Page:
The sexual selection: A story of seduction
Within the same species, we can observe morphological differences between male and female. These differences, called sexual dimorphism, can be so important that the two genders are mistaken for two different species. In 1758, a famous naturalist, Linné, classified male and female mallard duck as two separate species. The first naturalists, years later, who observed these two “species” copulate together were very surprised.
The female, in gray-brown tones, is blended in its environment, while male with a bright green head is clearly visible. The females colour can be explained by natural selection. A process, which over time will select the most adapted individuals to their environment. Thus adorned, she is hard to spot by predators, giving her an advantage over more colorful individuals. Why does the male of this same species have bright colors? This is explained by sexual selection.
The sexual selection, as Darwin wrote, “depends on the advantage which certain individuals have over other individuals of the same sex and species, in exclusive relation to reproduction”. That means in access to mating partners. Some morphological or behavioural traits are an asset to seduce a mating partner. These traits are called secondary sexual characters and are submitted to the sexual selection. Primary sexual characters are genitals and body parts used in parental care like mammary glands in mammals.
Secondary sexual characters are very diverse: size, colour, behaviour, some attributes such as antlers in deers, antenna length and cerci morphology in some insects.
A: Elephant seals, male is three times bigger than female. B: Deer, spotted to these antlers, and doe. C: Great Capricorn beetle, male antenna are longer than female. D: mandarin duck, male colours are brighter than female. E: Indian peafowl, male has a very colorful tailwhich he uses to seduce females. F: Common earwig, male cerci are more curved than female.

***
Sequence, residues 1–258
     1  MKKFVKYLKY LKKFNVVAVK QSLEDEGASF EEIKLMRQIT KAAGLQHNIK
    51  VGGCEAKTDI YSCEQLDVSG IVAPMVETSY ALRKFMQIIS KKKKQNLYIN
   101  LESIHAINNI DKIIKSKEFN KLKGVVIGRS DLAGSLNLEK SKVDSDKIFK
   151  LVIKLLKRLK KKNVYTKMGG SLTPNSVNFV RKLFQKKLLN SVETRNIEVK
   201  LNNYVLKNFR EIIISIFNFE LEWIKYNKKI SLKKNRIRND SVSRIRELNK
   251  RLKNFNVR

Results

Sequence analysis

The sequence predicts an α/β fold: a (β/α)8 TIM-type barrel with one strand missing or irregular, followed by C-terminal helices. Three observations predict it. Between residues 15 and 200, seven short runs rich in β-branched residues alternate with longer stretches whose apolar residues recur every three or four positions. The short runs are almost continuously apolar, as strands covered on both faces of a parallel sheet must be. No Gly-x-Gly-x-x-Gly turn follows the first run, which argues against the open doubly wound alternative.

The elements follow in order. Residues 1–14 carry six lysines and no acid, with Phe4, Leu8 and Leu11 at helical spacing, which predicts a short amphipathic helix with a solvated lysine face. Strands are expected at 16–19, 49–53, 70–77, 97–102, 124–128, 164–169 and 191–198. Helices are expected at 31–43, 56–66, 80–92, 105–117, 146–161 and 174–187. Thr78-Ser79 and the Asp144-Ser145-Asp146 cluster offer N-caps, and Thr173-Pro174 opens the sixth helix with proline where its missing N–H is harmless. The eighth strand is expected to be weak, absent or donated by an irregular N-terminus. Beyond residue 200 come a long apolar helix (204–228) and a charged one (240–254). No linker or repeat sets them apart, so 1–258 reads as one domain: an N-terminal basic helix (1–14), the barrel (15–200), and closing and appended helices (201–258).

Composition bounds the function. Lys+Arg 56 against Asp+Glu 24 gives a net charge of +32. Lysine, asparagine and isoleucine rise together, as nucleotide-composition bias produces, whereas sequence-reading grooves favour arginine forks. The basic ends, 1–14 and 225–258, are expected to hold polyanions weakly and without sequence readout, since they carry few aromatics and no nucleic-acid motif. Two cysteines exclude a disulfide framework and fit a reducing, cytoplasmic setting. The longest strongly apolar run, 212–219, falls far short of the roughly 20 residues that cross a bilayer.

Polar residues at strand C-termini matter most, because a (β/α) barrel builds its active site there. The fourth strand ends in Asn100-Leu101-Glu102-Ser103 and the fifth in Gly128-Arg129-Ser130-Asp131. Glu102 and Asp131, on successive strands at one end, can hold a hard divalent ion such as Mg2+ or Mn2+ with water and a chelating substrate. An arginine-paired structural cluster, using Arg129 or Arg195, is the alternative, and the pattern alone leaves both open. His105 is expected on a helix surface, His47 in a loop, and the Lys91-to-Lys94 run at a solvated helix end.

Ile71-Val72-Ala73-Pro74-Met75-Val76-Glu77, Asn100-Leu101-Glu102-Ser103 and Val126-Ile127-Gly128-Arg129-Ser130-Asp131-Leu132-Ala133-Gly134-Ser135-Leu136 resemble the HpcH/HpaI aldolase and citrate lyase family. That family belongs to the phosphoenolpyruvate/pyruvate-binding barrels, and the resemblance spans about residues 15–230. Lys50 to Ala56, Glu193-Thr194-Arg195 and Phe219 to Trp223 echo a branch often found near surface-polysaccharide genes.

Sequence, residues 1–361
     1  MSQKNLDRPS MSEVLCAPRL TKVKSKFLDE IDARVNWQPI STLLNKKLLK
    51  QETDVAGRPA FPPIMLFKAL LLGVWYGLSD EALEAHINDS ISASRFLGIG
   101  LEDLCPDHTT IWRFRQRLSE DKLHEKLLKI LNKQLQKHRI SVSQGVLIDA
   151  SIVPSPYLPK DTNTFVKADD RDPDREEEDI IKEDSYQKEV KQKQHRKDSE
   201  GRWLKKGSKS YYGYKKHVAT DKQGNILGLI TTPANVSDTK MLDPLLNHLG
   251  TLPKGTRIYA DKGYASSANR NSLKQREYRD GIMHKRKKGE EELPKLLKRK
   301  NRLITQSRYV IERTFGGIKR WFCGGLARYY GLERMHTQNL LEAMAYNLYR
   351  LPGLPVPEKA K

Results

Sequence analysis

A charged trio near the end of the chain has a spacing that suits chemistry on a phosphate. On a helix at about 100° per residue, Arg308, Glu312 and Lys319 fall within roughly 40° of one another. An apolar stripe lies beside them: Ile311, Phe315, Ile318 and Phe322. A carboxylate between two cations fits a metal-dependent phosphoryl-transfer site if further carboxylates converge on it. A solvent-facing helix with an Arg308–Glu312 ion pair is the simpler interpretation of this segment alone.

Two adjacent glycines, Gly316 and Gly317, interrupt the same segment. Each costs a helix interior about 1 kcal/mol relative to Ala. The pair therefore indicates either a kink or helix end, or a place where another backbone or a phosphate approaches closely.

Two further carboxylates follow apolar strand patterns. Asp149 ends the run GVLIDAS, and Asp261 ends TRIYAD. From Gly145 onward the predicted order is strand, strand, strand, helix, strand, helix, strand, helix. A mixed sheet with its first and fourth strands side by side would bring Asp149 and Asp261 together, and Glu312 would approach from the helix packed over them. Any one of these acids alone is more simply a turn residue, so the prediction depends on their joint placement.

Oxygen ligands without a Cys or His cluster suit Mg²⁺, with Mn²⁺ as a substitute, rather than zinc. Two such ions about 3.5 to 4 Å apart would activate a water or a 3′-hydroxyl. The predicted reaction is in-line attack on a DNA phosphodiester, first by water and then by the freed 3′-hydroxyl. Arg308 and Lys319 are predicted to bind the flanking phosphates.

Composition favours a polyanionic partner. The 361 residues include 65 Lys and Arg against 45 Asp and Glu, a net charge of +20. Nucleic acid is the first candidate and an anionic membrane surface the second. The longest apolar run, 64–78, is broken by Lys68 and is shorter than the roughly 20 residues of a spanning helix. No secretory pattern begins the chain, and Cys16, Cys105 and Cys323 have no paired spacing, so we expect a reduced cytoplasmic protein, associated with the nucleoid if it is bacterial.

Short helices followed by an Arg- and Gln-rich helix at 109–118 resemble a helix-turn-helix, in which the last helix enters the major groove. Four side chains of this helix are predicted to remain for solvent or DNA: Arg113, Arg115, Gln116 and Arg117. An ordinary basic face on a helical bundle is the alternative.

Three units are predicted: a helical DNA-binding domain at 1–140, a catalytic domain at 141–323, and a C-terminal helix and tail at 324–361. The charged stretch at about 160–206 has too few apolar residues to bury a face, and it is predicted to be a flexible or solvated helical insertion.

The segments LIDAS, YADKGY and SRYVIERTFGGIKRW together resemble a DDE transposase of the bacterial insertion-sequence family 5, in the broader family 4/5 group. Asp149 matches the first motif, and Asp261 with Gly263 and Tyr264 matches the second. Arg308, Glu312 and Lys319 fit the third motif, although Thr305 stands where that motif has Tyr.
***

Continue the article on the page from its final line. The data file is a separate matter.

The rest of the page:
Secondary sexual characters have evolved by selection pressure. In general, this is done by sex, which invests the most for each descendant, over other sex. Parental investment of females being greater than parental investment over males for most species, secondary sexual characters are mainly expressed by males. When parental investment is almost the same between the two genders, there is a mutual sexual selection: each sex exerts a selection pressure on the other.
There exist two types of sexual selection: intra-sexual selection and inter-sexual selection.
Intra-sexual selection is access to mating partner by competition between individuals of the same sex. Inter-sexual selection is access to mating partner by choice of sex exercising a selection pressure over the other sex.
Competition between individuals of same sex can be done by direct and violent clashes like with cervidae(https://www.youtube.com/watch?v=FMRO__1YH5o), or ritualized as in some snakes (https://www.youtube.com/watch?v=UGjwnf0r6-U).
When there is a choice by sex exercising a selection pressure (female in general), this one can base its choice on benefits that it will obtain from its mate (male in general). These benefits can be direct or indirect.
Direct benefits are nutritive resources, territory quality, protection or parental care brought by a second mate.